How did the term "sex" develop into "gender"? And is it really true that a vibrant feminist movement disappeared entirely after suffrage gains were won, only to suddenly resurface in the late 1960s?
Conventional wisdom tells us that feminism died during the mid-twentieth century, but this version of the story is not entirely true. When Sex Became Gender brings to light dominant ideals about sex roles and the feminist critiques these generated in the years between World War II and the women's liberation movement of the 1960s. And in contrast with current books that drive a wedge between feminist generations, When Sex Became Gender highlights the continuities between postwar interest in sex roles and contemporary arguments about gender.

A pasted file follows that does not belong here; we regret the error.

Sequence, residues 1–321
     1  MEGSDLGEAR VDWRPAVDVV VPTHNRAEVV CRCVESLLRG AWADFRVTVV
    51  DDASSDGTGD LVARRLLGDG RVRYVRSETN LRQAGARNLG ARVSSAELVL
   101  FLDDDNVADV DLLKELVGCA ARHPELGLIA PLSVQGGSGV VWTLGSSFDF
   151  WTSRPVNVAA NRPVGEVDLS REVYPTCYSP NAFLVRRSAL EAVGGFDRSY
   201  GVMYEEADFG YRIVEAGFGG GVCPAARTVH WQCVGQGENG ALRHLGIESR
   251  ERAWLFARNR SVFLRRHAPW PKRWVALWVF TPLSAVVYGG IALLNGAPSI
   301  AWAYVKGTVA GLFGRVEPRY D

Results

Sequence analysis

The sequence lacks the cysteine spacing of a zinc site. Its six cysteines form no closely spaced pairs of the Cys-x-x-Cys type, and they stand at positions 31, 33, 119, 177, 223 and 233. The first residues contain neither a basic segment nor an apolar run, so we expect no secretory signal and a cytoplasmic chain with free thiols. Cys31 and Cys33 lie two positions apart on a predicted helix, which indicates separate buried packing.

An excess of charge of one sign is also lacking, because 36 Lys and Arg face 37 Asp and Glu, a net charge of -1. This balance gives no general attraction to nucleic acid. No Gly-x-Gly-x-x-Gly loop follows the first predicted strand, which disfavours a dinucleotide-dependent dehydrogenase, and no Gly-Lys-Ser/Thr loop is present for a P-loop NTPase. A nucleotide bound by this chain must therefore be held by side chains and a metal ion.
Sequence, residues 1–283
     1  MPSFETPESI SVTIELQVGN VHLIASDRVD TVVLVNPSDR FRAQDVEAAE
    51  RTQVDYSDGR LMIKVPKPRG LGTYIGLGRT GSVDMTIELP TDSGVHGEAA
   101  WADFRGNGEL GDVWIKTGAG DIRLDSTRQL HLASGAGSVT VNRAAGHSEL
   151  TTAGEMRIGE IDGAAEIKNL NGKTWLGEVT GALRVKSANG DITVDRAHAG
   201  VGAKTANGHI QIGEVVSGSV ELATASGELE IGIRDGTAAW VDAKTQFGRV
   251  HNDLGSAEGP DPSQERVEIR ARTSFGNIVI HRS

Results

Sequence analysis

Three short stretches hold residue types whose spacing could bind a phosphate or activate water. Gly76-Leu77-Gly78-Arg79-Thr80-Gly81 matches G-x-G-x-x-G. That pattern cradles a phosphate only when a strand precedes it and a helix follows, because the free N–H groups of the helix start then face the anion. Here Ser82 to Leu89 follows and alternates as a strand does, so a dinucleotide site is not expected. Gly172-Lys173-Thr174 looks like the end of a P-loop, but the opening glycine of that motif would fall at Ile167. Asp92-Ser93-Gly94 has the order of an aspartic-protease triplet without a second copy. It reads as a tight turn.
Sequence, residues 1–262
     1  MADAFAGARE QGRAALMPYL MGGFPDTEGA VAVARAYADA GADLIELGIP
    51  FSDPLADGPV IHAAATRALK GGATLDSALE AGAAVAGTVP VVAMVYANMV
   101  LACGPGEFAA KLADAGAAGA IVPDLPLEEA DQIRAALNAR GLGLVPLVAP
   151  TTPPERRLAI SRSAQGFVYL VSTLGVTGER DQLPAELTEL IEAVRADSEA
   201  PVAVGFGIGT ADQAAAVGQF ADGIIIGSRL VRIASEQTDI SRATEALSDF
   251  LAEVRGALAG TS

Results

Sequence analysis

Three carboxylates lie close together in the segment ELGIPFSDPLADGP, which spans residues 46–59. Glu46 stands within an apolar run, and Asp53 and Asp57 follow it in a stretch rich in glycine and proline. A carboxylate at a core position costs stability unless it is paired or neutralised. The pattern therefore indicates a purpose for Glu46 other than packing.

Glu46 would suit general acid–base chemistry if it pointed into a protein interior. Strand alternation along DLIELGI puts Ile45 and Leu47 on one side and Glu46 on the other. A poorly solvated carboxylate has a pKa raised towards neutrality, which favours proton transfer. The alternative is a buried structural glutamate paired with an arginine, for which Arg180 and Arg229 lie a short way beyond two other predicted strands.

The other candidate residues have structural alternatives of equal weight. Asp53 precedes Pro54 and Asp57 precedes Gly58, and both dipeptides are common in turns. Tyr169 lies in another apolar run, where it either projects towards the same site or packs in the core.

By establishing the historical and theoretical connections between feminist eras, Shira Tarrant shows how protofeminist ideas of the past served as the foundation for today's focus on the social construction of gender.